Tue | Oct 16, 2018

Orville Higgins | KC in pressure cooker

Published:Friday | October 27, 2017 | 12:00 AM

I was among those who turned up at the Stadium East field last Saturday to watch the schoolboy football double-header. It appeared as if the entire island was there.

People did turn up because they wanted to see the defending champions, Jamaica College, taking on Bridgeport, but the real reason for the massive turnout was the much-anticipated clash between Calabar and Kingston College. These two schools carry the largest fan base in the Corporate Area. In hindsight, maybe ISSA should have used the National Stadium instead, but then hindsight makes us all geniuses.

The Jamaica College game told us what we already knew. This JC team is not going to give up its title easily. They are not as flashy and marauding as other Dark Blues of recent vintage, but as the season progresses, the air of invincibility is returning.

Their victory over Bridgeport was expected, even though both teams had played to draws, 1-1 and 2-2 earlier in the season. We all expected that at the business end of the season, JC would somehow get the job done.

People have said that Miguel Coley has an easy job because he coaches 'press-button' teams that are superior in quality based on their extensive recruiting system. It is unfair to go down that road. The success of JC over the last few years cannot be separated from the success of Coley.

At the schoolboy level, Coley has proved that he is a master motivator and strategist. Getting talent is one thing. Transforming them into a unit that hasn't lost a Manning Cup game in five years is something else. JC beat Calabar earlier in the week to become the first school to qualify for the semis, where they seem to belong as a matter of course. Coley is one of the most dominant schoolboy football coaches in modern Jamaican history. Recruiting alone cannot explain that.

The other game between Kingston College and Calabar proved to be one of the most exciting Manning Cup football matches in years - not only because of the high quality on display, but because of what was at stake. Neither of these schools likes to lose to the other, and nothing brings out the best in them like facing their arch-rivals. It was obvious after the first 10 minutes that KC had more quality players. Their passing and running off the ball in the first few minutes reminded me of that out-of-class Rusea's team in the mid-1980s.




This KC team passes as well as any in schoolboy football this year, but that's not always enough. Where KC were bristling with talent and skill, Calabar showed that they were very big on heart. Egged on by their massive support base, they kept fighting and squeezed in the equaliser just before half-time. Neither team could break the deadlock in the second half in what was a tense affair.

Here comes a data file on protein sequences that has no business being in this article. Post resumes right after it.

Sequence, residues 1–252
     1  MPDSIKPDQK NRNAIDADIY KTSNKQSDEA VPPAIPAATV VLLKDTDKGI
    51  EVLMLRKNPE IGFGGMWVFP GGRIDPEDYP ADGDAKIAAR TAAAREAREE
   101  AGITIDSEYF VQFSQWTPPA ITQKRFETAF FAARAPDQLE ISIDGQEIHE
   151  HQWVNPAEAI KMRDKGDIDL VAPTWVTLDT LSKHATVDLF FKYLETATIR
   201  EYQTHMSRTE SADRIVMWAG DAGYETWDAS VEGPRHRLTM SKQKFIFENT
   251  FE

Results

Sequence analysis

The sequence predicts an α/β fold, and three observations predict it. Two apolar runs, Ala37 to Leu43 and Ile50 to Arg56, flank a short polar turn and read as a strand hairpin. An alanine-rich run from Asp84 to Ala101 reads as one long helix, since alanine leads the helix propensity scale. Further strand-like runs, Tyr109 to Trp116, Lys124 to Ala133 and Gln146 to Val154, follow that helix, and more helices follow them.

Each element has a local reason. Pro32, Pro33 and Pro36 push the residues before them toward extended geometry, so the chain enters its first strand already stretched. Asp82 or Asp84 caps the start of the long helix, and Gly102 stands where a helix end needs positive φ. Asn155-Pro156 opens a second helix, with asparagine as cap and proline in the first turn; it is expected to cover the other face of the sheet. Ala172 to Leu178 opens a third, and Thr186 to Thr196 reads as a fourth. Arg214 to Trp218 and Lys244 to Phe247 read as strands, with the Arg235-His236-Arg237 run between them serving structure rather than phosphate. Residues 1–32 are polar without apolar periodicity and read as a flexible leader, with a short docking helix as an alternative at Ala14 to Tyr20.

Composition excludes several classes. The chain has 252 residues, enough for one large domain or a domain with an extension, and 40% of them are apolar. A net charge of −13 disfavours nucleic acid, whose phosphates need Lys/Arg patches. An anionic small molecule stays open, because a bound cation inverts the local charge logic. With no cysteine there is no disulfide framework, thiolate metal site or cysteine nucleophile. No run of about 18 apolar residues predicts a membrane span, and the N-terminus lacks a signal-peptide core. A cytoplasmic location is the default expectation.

One of the things that stood out for me is how reserved the KC supporters were relative to the Calabar crowd. Where the Calabar supporters were beating drums and shouting and applauding for every ball won and every attack broken up against them, the KC faithful were strangely subdued. They came out to watch a game, one they thought they would win. They were there apparently to admire. They didn't come to cajole and encourage and motivate their team. It appeared that they didn't think they had to.

The popular belief is that the results in the preliminary rounds may have lulled them into a false sense of security. That may be one explanation. The other explanation is that the KC crowd is cautious. They haven't won the Manning Cup in more than 30 years, and they don't want to be seen celebrating wildly now in case they lose again.

Purples fans would have seen other KC teams flatter to deceive over the years and are now hesitant to go all out in the stands until the trophy is lifted. They know the mouthing would be severe if they behave too boisterously and lose again.

This Saturday will be interesting. KC need only a draw against JC to make it to the semis. JC are already through but are not expected to do them any favours.

Spare a thought for KC coach Ludlow Bernard. KC are favourites - overwhelming favourites. Most agree that they have the most talent. If KC win the Manning Cup, he is the hero of a generation. If he loses, he will be remembered as the coach of pretty football but who doesn't have the mettle of a champion.

Bernard has huge pressure on him. I don't envy you, Luddy. Tomorrow, the drama continues again. The JC-KC game is a must-watch.

- Orville Higgins is a sportscaster and talk-show host at KLAS ESPN Sports FM. Email feedback to columns@gleanerjm.com.